PROJECT 2 - Driving a Liquid Crystal Display

Animated image of LCD

This will require: Python, GPIO library, Hitachi HD44780 (or compatible) LCD, Ciseco's Slice of Pi board (optional), patch leads

Introduction

HD44780 chip on an LCD

You can use the Pi to drive a Liquid Crystal Display (LCD) to display all sorts of information: it could be date, time, system status, disk utilisation, MAC and IP address, etc.

The most common LCD is one based on the Hitachi HD44780 chip. This is an LCD controller and driver LSI device with embedded fonts and the ability to create custom characters. The LCD module and driver chip are supplied assembled and have a 14 or 16 pin connection to a PIC, Pi, PC, etc. This can be in a single row 1x14 or 1x16 edge connector or 2x7 or 2x8 0.1" IDC connector. The complete assemblies are easily obtainable and many manufacturers make their own compatible LCDs so that the devices are entirely interchangeable at the control and functional level though not always with the same physical connection.

The HD44780 is the main driver chip but this is limited to two rows of eight characters each and so for larger LCD modules one or more slave Hitachi HD44100 chips are used. These convert the serial data from the HD44780 into parallel for passing to the display.

Circuit diagram

The circuit I used is the one provided by Matt Hawkins at raspberrypi-spy.co.uk. This uses a 4-bit interface to minimise the number of GPIO outputs required but has to send the high and low bit data in two write operations. I used Ciseco's Slice of Pi board to expose the appropriate pins but you could just use single patch leads and connect directly to the 26-way header. The circuit diagram is shown here but a table of connections is below if you prefer that type of format. The connections in red are for the LCD's backlight, if it has one. The 560R resistor is to protect the backlight in the event there is no built-in over-current protection.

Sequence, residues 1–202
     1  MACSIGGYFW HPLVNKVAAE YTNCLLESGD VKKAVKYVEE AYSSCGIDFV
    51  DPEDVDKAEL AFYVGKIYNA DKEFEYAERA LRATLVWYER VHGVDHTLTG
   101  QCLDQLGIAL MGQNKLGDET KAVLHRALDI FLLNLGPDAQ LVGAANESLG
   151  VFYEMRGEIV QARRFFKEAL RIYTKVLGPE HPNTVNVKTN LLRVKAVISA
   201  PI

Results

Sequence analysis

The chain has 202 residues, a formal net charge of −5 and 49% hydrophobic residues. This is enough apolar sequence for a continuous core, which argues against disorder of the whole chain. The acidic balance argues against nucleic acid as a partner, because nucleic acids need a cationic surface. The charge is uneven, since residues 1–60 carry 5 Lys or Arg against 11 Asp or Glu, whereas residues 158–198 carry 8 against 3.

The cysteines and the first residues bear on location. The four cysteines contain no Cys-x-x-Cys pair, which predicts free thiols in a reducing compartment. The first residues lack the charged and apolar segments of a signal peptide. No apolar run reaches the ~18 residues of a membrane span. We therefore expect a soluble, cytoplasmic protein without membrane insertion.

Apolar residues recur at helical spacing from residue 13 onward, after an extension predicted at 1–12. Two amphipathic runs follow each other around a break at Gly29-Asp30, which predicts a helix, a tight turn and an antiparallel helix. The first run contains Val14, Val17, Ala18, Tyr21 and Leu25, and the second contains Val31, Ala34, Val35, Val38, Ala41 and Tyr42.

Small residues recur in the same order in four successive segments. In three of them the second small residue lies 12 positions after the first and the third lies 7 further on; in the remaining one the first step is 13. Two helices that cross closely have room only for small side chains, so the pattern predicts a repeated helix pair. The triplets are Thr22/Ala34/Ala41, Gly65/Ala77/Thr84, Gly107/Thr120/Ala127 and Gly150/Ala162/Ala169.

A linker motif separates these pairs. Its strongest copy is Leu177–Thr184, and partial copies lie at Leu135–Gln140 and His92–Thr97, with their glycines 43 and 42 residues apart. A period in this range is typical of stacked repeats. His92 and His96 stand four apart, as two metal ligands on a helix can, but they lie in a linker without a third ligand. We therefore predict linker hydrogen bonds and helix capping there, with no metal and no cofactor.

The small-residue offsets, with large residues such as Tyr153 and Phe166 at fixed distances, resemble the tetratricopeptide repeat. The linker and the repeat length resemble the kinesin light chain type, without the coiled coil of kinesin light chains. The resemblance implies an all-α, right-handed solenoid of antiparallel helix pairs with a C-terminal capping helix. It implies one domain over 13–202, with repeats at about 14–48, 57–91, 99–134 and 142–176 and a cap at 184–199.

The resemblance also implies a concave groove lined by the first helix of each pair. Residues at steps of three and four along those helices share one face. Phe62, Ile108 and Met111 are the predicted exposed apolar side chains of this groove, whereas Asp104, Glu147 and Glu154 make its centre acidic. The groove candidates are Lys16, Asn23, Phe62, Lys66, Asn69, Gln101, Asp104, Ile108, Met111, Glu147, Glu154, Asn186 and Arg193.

I started off with Matt's program but added a few enhancements so that it calls GPIO.cleanup() at the end to close ports so that you do not see warnings if you run the program subsequently. I also had to add a short delay between telling the device which row I was going to write and actually writing it. Without a delay, the first character was sometimes omitted.


Circuit diagram

A further improvement is to connect a 10K variable potentiometer between the 0V and +5V lines and connect the output to the contrast pin (LCD pin 3). By varying the resistance between 0V and +5V you can find the optimum contrast for your LCD module. The connections in blue show the amendments to the original circuit.


Step 1

Connect up the components as shown in the diagram. The table of connections are shown below.

LCD PinFunctionPi FunctionPi PinSlice of Pi Pin
1GNDGNDP1-06GND
2+5V+5VP1-025V0
3ContrastGNDP1-06GND
4RSGPIO7P1-26SPI_1
5RWGNDP1-06GND
6EGPIO8P1-24SPI_0
7Data 0
8Data 1
9Data 2
10Data 3
11Data 4GPIO25P1-22GP6
12Data 5GPIO24P1-18GP5
13Data 6GPIO23P1-16GP4
14Data 7GPIO18P1-12GP1
15+5V via 560RP1-025V0
16GNDP1-06GND

If your display does not have pins 15 and 16 you can ignore the backlight connections.

Step 2

Download the program to your Pi. The easiest way to do this is to use wget from the Pi command line. This will copy the program to your current directory.

wget http://www.noveldevices.co.uk/rpdl/lcd.py

Step 3

Run the program as root. The program just displays some text on the LCD - it doesn't ask for any input and runs for about four seconds because of the delays programmed.

sudo python lcd.py

If you would like a program that lets you enter the text yourself, try this.

wget http://www.noveldevices.co.uk/rpdl/writelcd.py

sudo python writelcd.py

LCDs Available

Over the years I have collected a variety of LCDs and it is clear that some are more common than others. Amateur Radio Rallies provide a good source of both second hand and new devices. The more popular types are: